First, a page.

“What about your apartment?”

“Oh, um, well, Mike hasn’t seen his friends in a long time, so he wants to spend as much time as he can with them, so… yeah, we’re going to stay in Scooter’s basement.” Kara shrugs sheepishly. “I mean, it’s fine. The five-story walk-up probably isn’t good for my foot anyway. So we’re just going to sublet my place. Plus, you know, Indigo and I never got along that well, so… uh, yeah, this is actually a really good thing.”

Lena is bursting with questions. ‘You’re moving away from Alex because Mike wants to hang out with his friends?’ ‘Why can’t Mike get his own place?’ ‘What is this about we’re subletting? It’s your apartment, not Mike’s.’

But she knows that she can’t ask any of those questions without sounding judgmental, so she retreats to safer territory: “Mike has a friend named Scooter?”

Kara lets out a laugh, releasing some of the tensions she’s been holding. Lena suspects that Kara’s already been getting an earful from Alex about this move and was expecting the same treatment from Lena.

“Believe it or not, he has two friends named Scooter.”

“I don’t think I’ve ever met a Scooter that I like,” Lena says. “It feels like a name parents give to their kids when they want them to grow up to be the prep school villain in a John Hughes movie.”

Kara nods in acknowledgement. “That’s not too far off for this Scooter. Mike calls him an acquired taste. Alex refuses to make eye contact with him. I like him though!”

“But is there anybody that you don’t like?” Lena questions teasingly, and before Kara can take an easy out, “And no, you can’t name Nazis or war criminals.”

Kara tilts her head as she seriously thinks over the question. “Um, okay, well, I mean, there’s… there’s Ursula.”

“Ursula? You’ve never mentioned her before.” Intrigued, Lena leans forward on the table. “Tell me, what is it that this Ursula did to earn a rare spot on Kara’s ‘Do Not Like’ list?”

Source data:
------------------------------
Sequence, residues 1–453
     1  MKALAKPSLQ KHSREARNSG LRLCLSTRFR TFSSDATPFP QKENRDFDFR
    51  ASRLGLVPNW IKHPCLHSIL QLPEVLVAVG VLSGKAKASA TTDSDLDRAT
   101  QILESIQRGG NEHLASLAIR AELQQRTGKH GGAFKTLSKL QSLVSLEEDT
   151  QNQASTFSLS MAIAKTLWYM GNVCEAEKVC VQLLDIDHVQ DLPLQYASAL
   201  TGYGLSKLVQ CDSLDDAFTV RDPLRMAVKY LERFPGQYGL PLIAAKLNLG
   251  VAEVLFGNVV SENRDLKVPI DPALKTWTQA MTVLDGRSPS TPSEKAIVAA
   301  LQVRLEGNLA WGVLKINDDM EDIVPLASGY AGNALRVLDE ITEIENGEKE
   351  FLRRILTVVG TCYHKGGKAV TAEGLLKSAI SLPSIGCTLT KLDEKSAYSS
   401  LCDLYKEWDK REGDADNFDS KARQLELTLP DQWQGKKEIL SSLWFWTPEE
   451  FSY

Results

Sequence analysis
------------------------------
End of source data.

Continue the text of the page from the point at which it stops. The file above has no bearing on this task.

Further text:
Apparently not expecting to be questioned, Kara starts haltingly, “W- well, she’s um, she’s manipulative and deceptive. Um, really not someone you can ever trust. She’s uh, she’s ruthless and greedy and self-serving. She’ll use really underhanded tactics to get what she wants.”

“Hmm. Tactics like turning herself into a beautiful woman and hypnotizing a handsome prince into forgetting your existence so that you turn back into a mermaid?” When Kara’s admission comes in the form of a sheepish shrug, Lena chuckles heartily. “You can’t pick a Disney villain!”

“You didn’t specify!”

“Well, I didn’t think I had to.”

“Hey, I answer the questions as posed. It’s not my fault that you left a loophole.”

“I’m going to need to hire a lawyer to draft conversational topics for us.”

In response, Kara just smiles, gazing upon Lena with an overt keenness that makes Lena delighted and flustered. Quietly, Kara says, “I’ve missed this.”

“Me too,” Lena responds with equal wistfulness. Then, realizing that they’re toeing the boundaries of intimacy, she quickly adds, “But I’m back now. We’ll see each other more and now that things have settled at work, I’ll be better about communicating.”

“We’re still friends then?” Kara asks, hope so stark on her face that it’d be impossible to say no even if that would have been Lena’s answer. (She would be lying if she said that she had never considered the possibility. Going scorched earth is a familiar Luthor move. Lena’s pragmatic side says that cutting Kara out of her life completely is probably the sanest, wisest thing to do. But it also feels like the worst idea she’s ever had, an idea so repugnant that it nearly makes her physically ill to think about.)

Of course we are,” Lena returns emphatically. “We’re friends, Kara. We’ll always be friends.”


“Are you out of your goddamn mind?” Andrea looks pissed. The kind of Really, Actually Pissed intermingled with Deep Annoyance and Worn Patience that one reserves for a very stupid loved one who’s done yet another stupid thing.